Thurmond’s budget proposal includes a 2% pay raise for approximately 4,100 county employees whose jobs are not related to public safety.
Commissioners are expected to begin debating the $752 million spending plan next month, and will approve some version of it in February.
Making the raises possible is an estimated $20 million increase in tax revenue for fiscal year 2020, Thurmond said.
Under Thurmond’s proposal, DeKalb would spend about $9.8 million on health care benefit increases for county employees and a $7 million cost-of-living adjustment for retirees in the county pension system.
The proposed raises for public safety employees are expected to cost an additional $5.4 million.
Thurmond said he is being “extremely cautious in terms of spending,” and is not suggesting any new employee hires or additional spending increases.
Thurmond told commissioners that his budget is based on predictions that the Georgia economy is “going to slow dramatically very shortly.” He compared his approach to the fable “The Ant and the Grasshopper,” where the ant worked during the summer to prepare for winter while the grasshopper played.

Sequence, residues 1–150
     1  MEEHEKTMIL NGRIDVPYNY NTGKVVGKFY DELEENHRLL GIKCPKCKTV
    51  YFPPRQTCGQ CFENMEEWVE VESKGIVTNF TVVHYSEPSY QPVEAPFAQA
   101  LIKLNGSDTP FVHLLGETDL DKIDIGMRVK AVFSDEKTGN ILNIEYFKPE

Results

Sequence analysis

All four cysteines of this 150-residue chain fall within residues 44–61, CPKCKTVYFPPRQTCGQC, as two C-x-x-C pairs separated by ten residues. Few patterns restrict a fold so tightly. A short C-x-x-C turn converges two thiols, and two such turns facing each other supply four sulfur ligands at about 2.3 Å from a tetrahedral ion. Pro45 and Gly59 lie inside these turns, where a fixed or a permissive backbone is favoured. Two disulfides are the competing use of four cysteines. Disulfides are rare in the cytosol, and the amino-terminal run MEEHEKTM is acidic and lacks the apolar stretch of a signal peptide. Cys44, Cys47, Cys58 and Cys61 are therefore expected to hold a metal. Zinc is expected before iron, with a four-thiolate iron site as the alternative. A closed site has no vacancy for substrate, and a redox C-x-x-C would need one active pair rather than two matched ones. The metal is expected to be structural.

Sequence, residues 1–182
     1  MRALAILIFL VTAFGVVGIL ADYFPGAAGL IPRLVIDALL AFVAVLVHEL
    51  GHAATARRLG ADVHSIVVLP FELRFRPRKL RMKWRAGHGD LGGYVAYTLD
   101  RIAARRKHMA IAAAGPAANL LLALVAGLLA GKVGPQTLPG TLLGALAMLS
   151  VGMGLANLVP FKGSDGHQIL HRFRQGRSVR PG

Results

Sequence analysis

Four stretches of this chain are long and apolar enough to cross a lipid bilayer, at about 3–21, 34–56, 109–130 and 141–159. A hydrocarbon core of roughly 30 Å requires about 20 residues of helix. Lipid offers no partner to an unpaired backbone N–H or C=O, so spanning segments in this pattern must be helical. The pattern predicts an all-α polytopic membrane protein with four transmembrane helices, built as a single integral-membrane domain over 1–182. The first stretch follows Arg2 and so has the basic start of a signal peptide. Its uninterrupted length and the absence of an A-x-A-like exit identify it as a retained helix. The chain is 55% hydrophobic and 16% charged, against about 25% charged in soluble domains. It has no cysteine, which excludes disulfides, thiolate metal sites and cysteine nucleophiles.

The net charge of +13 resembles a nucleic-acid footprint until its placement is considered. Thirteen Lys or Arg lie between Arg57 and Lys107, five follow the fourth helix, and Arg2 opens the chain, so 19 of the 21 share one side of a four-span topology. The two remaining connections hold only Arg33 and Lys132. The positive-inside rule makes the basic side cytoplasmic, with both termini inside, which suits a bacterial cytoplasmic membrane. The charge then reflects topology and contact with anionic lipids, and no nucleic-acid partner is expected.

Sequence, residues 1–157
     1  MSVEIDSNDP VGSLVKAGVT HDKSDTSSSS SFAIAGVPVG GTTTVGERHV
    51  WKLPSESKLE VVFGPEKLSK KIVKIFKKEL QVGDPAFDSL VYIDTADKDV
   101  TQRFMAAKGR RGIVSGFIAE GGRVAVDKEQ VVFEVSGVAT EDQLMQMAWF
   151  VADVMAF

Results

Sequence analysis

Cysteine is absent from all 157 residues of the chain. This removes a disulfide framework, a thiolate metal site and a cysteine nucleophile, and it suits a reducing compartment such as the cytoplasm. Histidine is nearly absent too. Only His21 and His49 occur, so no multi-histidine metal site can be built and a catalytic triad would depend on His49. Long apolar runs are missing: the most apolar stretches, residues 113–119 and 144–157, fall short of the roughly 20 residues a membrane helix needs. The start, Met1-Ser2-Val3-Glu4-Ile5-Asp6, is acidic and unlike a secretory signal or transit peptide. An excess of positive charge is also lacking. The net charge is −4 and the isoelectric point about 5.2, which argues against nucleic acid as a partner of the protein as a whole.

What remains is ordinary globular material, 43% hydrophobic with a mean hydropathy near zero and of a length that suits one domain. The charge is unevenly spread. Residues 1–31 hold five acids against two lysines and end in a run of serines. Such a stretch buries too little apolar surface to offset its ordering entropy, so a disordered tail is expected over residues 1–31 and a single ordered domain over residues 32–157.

In this case, according to Thurmond, the county is the ant.
“Looking at DeKalb County, we had to make some tough choices this year,” he said. “What, then, is our top priority? Our top property has been and continues to be enhancing and investing in public safety.”
Thurmond held a press conference two weeks ago announcing the proposed 4% pay bumps for public safety employees, which covers everyone from police and firefighters to probation and code enforcement officers.
Read the original story on AJC.com.